A report that proved Shaw somehow evaded a process for criminal background checks prior to being hired as recreation department director after spending nine months behind bars at New York’s notorious Rikers Island prison facility.

Devine said he expects Shaw’s case to be laughed out of court but he added that if the proposed Order to Show Cause is signed, then a judge is going to be looking at charges under 42 U.S.C. § 1986, which imposes civil liability upon persons who know of a planned civil rights violation but fail to prevent it.

First Amendment experts say attacks on free speech rights are escalating across the United States, and Shaw’s desperate lawsuit is symptomatic of that trend.

Devine said that the law firm representing Shaw—Antonelli Kantor Rivera—makes most of its money by soaking taxpayers.

Antonelli Kantor Rivera and its attorneys have government contracts with the Borough of Roselle Park; City of Linden; Town of Dover; Township Attorney for the Township of Union; County of Middlesex; Dover Water Commission; Borough of Caldwell; Borough of Fanwood; Borough of Sayreville; County of Middlesex; County of Union; City of East Orange; City of Elizabeth; City of Englewood; City of Hoboken; City of Jersey City; City of Newark; City of Perth Amboy; City of Plainfield; City of Trenton; City of Trenton Water Works; Hudson County School of Technology; Joint Meeting of Essex and Union Counties; Middlesex County Improvement Authority; Town of Dover; Town of Rahway; Township of Bloomfield; Township of East Hanover; Township of Edison; Township of Hillside; Township of Livingston; Township of North Bergen; Township of Parsippany; Township of Union; Township of West Caldwell; Town of West New York; Township of West Orange; Union County Improvement Authority; Union County Utilities Authority; City of Hoboken; City of Plainfield; City of Trenton; Township of Irvington; City of Hackensack; Township of West Caldwell; City of Trenton; Township of Hillside; Town of Dover; Borough of Fanwood; Borough of South River; and Township of West Caldwell.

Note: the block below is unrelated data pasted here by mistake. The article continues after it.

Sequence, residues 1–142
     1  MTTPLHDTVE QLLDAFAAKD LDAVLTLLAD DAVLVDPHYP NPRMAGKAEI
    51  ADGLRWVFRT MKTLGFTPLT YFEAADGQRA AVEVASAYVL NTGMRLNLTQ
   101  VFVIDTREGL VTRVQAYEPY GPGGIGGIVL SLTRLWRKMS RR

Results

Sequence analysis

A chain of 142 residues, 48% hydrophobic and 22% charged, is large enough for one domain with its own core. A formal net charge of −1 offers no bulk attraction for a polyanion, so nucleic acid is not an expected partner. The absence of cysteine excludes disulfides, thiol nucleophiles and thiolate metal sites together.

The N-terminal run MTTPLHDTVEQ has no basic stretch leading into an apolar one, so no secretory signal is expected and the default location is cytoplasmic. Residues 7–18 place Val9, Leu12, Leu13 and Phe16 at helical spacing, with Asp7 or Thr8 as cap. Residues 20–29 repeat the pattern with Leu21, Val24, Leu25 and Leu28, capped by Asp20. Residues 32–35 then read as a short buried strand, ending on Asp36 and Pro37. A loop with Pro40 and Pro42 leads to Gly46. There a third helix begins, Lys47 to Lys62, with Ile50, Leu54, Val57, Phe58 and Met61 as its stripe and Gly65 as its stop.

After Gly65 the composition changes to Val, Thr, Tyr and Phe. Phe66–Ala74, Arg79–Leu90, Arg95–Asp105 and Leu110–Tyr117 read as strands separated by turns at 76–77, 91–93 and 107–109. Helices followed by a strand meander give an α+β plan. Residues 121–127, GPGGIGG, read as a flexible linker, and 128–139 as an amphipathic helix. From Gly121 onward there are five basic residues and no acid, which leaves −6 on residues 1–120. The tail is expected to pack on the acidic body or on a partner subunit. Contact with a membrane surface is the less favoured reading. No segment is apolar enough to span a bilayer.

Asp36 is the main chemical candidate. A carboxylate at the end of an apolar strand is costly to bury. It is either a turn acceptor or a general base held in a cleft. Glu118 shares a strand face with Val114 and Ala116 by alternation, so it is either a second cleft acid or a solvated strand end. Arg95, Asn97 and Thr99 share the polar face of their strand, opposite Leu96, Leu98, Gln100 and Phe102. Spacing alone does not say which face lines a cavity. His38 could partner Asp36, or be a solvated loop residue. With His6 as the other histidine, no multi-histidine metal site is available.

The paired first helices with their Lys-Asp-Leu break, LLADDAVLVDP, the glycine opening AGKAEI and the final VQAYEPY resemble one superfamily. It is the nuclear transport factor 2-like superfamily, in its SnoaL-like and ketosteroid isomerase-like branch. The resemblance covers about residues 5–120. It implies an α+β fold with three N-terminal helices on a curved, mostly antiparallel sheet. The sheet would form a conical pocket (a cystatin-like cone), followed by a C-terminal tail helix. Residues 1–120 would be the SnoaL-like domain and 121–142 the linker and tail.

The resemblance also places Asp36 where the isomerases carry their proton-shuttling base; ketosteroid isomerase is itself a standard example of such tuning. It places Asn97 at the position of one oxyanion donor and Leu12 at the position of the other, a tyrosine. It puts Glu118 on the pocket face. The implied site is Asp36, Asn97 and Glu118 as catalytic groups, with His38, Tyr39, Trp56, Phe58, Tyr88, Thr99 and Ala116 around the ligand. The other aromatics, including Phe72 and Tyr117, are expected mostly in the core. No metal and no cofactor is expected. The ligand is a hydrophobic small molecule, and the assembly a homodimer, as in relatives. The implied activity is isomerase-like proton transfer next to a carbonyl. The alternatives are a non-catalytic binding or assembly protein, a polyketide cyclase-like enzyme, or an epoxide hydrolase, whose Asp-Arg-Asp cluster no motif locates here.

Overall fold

“We are seeing tremendous attacks on First Amendment freedoms across the country right now, at all levels of government. Censorship is proliferating, and it’s deeply troubling,” said Joe Cohn, legislative and policy director with the Foundation for Individual Rights and Expression.

“This year, we’re seeing a wave of bills targeting drag performances, where simply being gender nonconforming is enough to trigger the penalty. We’re also seeing a wave of bills regulating what can be in public or K-12 school libraries,” Cohn said. “On college campuses, we have been tracking data about attempts to get faculty members punished or even fired for speech or expression and the numbers are startling — it’s the highest rate that we’ve seen in our 20 years of existence.”

First Amendment rights had been stable in America for decades, said Ken Paulson, director of the Free Speech Center at Middle Tennessee State University, but in recent years many states have reverted to the anti-speech tactics employed by people like Sen. Joe McCarthy during the “Red Scare” of the early 1950s.

McCarthy and others tried to silence political opponents by accusing them of being communists or socialists, using fear and public accusations to suppress basic free speech rights. The term “McCarthyism” became synonymous with baseless attacks on free expression, and the U.S. Supreme Court has referred to the phenomena in several First Amendment-related rulings.

“We are seeing a concerted wave that we have not seen in decades,” said Paulson, highlighting states like Florida where Republican Gov. Ron DeSantis has pushed for legislation that would criminalize drag shows, limit what pronouns teachers can use for students, allow parents to determine what books can be in libraries and block some history classes entirely.

“It’s pretty mind-boggling that so many politicians are waving the flag of freedom while doing anything they possibly can to infringe on the free speech rights of Americans,” Paulson said.